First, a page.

activities, elementary, writing, learning

For homework, students can choose from a variety of activities that reinforces the words at home. Here are some ideas below:

  • Write the word 3x times using pencil, colored pencil, and crayon
  • Write the words in rainbow colors
  • Write the words in ABC order
  • Write a sentence for each word
  • Write or type a story using all your spelling words
  • Stamp the words
  • Build the words with legos, clay, dough, yarn or pipecleaners
  • String the words together using letter beads
  • Write the words in a verticle pyramid format. For example: l, lo, lov, love
  • Practice building the words using magnetic letter blocks
  • Type spelling words on the computer
  • Spell words in a sand or salt container
  • Trace words on the back of your hand
  • Spell words in shaving cream
  • Trace letters into the air (sky write)
  • Use ABC blocks to spell words (Scrabble)
  • Build words using ABC stickers
  • Use q-tips and paint words
  • Write words in glue and add glitter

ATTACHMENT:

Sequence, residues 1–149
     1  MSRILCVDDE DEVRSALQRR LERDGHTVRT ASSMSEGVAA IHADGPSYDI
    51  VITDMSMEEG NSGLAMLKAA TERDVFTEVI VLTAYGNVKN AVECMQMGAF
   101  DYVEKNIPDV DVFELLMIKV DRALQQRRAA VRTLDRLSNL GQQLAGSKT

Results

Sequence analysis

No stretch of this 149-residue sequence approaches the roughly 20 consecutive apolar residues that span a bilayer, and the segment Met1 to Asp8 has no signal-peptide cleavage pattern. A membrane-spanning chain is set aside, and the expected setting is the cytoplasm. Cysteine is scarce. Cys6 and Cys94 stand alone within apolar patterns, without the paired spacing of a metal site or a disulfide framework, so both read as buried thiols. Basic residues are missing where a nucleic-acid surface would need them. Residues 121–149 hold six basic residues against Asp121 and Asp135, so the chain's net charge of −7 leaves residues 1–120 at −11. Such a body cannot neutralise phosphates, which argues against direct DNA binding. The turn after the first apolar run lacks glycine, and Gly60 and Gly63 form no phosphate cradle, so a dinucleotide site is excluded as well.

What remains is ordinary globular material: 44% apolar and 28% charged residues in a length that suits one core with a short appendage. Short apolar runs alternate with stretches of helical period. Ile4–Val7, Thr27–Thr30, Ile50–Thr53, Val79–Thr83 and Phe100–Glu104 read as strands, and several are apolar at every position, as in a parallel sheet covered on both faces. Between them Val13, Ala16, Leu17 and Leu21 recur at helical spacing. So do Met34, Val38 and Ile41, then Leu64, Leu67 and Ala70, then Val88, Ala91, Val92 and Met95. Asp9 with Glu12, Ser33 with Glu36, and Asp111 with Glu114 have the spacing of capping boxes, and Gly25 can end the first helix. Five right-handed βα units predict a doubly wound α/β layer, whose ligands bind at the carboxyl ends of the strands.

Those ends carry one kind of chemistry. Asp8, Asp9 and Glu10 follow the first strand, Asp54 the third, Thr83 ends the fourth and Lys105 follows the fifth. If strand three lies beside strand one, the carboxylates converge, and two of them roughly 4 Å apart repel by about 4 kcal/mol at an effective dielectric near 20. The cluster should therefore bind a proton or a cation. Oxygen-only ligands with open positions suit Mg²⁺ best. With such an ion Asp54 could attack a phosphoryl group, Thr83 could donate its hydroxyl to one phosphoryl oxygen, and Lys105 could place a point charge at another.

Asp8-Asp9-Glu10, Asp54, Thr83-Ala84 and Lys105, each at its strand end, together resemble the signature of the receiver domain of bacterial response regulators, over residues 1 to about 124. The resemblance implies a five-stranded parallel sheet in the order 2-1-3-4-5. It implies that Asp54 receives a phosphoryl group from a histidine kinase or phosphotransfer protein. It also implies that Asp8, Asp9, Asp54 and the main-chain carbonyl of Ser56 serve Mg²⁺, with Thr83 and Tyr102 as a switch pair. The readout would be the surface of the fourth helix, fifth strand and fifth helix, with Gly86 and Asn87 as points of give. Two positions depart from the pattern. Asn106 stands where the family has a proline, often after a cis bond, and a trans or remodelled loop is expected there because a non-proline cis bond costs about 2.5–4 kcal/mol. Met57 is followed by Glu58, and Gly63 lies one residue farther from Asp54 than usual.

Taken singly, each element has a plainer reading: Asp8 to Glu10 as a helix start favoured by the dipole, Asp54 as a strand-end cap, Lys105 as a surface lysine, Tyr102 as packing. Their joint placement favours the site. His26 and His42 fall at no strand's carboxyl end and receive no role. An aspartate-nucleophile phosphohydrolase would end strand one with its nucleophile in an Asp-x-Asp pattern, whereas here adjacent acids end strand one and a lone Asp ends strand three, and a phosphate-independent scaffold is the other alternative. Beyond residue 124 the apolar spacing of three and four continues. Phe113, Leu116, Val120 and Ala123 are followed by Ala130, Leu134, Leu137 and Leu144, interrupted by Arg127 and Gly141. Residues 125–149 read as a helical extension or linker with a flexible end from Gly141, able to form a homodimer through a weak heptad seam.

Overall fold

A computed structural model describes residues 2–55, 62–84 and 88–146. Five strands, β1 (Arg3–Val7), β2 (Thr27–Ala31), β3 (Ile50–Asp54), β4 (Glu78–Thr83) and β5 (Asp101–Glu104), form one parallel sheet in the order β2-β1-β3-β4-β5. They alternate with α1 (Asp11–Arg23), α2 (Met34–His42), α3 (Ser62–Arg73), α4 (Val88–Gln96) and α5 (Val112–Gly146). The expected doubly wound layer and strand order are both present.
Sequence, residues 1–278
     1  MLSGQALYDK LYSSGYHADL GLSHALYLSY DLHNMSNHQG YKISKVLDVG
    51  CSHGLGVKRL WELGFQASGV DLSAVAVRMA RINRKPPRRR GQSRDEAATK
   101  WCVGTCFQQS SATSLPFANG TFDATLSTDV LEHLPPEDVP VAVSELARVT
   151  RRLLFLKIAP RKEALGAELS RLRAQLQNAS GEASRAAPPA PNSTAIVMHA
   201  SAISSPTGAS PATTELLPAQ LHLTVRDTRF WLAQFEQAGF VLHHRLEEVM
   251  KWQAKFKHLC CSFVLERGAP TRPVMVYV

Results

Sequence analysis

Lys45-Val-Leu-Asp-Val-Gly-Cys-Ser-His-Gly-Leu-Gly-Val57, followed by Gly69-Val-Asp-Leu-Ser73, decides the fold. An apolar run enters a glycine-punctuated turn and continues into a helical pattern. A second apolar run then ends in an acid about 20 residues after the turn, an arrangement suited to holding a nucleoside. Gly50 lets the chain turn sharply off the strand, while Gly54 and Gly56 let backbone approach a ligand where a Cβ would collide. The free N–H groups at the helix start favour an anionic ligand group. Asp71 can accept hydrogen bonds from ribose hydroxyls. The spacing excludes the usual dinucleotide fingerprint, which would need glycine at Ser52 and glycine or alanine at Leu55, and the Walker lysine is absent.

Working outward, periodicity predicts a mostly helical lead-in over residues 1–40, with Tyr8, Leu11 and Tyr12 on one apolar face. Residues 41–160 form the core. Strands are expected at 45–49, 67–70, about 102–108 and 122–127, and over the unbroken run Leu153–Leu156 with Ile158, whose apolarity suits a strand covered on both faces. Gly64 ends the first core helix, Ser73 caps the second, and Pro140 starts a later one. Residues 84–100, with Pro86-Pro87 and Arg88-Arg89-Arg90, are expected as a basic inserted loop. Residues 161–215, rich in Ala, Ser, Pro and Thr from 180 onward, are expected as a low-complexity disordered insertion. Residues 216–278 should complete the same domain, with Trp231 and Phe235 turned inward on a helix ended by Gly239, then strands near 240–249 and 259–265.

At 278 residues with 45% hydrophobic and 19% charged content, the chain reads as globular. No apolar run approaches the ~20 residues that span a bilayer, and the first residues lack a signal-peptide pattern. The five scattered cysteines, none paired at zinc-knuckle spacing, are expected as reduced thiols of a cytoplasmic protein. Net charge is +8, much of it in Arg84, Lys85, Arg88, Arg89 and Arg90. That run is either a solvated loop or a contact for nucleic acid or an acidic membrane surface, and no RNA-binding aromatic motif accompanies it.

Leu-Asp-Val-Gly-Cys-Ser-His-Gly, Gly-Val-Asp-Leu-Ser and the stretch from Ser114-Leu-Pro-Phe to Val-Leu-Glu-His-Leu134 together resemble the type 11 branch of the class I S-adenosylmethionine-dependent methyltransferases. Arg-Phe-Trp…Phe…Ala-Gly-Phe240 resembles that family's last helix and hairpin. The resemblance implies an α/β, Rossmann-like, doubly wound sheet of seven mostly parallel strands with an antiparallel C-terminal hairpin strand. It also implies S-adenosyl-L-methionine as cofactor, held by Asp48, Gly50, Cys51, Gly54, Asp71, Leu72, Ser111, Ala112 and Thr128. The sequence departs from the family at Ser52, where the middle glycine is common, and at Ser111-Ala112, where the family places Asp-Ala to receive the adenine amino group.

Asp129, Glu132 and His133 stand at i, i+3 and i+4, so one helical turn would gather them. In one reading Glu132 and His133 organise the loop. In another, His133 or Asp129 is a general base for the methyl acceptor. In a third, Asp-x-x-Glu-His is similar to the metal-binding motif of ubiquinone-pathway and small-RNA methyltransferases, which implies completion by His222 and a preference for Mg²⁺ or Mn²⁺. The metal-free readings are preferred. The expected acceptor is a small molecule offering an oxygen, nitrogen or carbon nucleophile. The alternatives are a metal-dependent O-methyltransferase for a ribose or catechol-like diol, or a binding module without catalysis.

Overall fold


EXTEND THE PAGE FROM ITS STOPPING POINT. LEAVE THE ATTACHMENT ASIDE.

• Use newspaper and magazine to clip letters to build words

We use a spelling notebook to keep track of their progress and their words. All words are individualized so a spelling book helps everyone stay organized. Please feel free to use some of these ideas in your classroom! 🙂 Enjoy!


Teaching the 5 Literary Elements

“Plot, Character, Conflict, Theme, Setting…” An interactive Prezi presentation that teaches the five literary elements through style and song.

Recommended Use: 3rd to 8th grade (Applicable in high school for some students/settings)


Other video resources can be found on BrainPop.

Ideas Transform Education and Individuals

One of my reflections from my Arts in the City Class: 

Ideas transform human beings. We must question if our education system and society create spaces for new ideas to be fostered, and if Western culture truly values the creativity of another human being. Do we encourage people to incorporate using their imagination, reason, and conscious when problem solving? Do we give time for people to actually think issues out? Instead of engaging these 3 receptors of goodness, beauty and truth, decisions are made on a whim since Corporate American and government generally move too fast to consider careful reflection and analysis.